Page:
Ariadni is proud of her Greek roots. Born in Paris where she took her degree in Business Administration specialized in Finance, Ariadni is convinced that exploring out of your comfort zone "is where the magic happens". Nothing better than seeking new experiences, different life perception and travelling a lot! For the last 10 years, she had been based in Spain. After serving as a senior financial auditor in Ernst & Young, she entered the Business Risk department at Barclays Bank Spain where she has participated or led a broad range of projects linked to Risk Advisory, Regulatory Compliance and Operations. Her increasing interest in people and social causes led her to move to new pastures... In 2013, she joined the Barclays Investment team to implement the skill-based volunteering strategy in Spain, manage existing social projects and coordinate the reporting for Europe and Middle East region. Having both "skills and heart" entangle in her new job, she believes she released the power of her full potential. She is passionate about how Microfinance has become a simple mechanism to tackle poverty and empower people. More than that, Kiva gives everyone the possibility to be part of it. The fellowship program is an opportunity she could not miss and for sure, an open window to new possibilities.

Fellows Blog Posts by Ariadni Liakis

Sep 26, 2015 GO Global Update

The Caribbean high noon sun embraced us like a heating blanket as we started our short walk through the countryside to Juana's place. The semi-paved dirt road led us by a small market shop, and as she waved to the people inside, she turned and said with a proud smile, "My father is the owner here". I waved back and the four of us continued with a steady walk to our destination. The big avocado tree marked the beginning of the small property and the little pig tied at the bottom, circled it left and right like a restless guard. Juana opened the big lock and a... Continue Reading >>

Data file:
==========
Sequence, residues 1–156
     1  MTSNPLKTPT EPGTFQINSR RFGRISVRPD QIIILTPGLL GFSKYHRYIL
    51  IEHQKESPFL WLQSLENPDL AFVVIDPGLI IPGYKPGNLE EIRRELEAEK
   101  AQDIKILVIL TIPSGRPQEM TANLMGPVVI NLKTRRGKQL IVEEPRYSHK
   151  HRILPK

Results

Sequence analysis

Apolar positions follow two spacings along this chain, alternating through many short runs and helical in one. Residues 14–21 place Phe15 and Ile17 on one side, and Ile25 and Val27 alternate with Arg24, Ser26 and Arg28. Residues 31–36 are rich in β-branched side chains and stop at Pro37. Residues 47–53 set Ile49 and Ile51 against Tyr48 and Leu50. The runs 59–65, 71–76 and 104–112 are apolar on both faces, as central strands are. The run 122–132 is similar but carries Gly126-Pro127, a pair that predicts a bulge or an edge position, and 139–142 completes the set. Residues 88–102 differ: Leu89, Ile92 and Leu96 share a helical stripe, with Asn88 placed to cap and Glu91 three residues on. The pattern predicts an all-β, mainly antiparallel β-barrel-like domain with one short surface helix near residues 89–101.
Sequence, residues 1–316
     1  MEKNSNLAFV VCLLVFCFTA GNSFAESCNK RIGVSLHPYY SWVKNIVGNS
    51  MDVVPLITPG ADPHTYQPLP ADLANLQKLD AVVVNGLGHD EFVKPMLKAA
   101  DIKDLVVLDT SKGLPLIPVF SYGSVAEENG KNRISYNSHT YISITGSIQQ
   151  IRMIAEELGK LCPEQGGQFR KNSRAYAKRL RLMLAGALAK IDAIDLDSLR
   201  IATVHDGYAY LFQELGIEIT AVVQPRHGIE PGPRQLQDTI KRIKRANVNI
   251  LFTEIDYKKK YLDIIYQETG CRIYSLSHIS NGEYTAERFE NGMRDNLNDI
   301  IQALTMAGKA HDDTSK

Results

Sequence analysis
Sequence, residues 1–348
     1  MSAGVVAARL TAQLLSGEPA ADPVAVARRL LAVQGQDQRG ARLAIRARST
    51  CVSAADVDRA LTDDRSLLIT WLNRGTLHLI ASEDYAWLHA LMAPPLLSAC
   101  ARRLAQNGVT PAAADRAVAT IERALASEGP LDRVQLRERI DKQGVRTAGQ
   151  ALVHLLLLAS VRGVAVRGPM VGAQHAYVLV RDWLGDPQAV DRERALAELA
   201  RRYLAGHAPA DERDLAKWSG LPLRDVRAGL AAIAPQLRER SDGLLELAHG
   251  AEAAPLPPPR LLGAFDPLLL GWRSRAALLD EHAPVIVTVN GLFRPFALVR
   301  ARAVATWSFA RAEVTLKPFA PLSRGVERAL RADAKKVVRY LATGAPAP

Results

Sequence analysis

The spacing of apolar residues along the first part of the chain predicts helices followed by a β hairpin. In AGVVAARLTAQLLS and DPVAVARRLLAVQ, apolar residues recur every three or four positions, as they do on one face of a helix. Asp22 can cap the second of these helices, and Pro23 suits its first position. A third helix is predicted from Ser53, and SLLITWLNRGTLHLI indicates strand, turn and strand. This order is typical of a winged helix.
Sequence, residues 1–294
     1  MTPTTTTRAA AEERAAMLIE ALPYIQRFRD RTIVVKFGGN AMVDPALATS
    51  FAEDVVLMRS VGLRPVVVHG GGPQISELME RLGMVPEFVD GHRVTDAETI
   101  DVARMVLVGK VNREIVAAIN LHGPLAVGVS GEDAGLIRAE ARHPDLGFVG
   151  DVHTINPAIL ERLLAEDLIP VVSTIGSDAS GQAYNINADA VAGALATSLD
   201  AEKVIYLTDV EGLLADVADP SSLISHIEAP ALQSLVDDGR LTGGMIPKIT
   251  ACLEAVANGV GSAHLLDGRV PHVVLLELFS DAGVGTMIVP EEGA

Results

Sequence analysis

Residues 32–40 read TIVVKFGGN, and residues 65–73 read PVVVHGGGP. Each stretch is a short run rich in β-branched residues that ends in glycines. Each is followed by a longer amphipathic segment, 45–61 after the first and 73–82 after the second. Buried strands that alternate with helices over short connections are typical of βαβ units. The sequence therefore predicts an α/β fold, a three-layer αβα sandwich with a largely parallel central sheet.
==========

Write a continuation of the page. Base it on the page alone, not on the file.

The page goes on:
Sep 15, 2015 DO Dominican Republic

The buzzing sound of a beat up old motorcycle disturbed the morning calm at the small town of Las Galeras (Samaná) in the Dominican Republic. "Moto concho - moto concho?", the driver loudly asked. "No gracias", I replied for the third time in the last five minutes, knowing i was the obvious target of the local moto taxi service, waiting for my ride at the side of the road. As I wiped the sweat off my forehead, i noticed a white pick-up truck slowly approaching my way. I held my breath as the driver leaned over rolling down the tinted passenger window. "Esperanza?", asked calmly. Reacting as... Continue Reading >>


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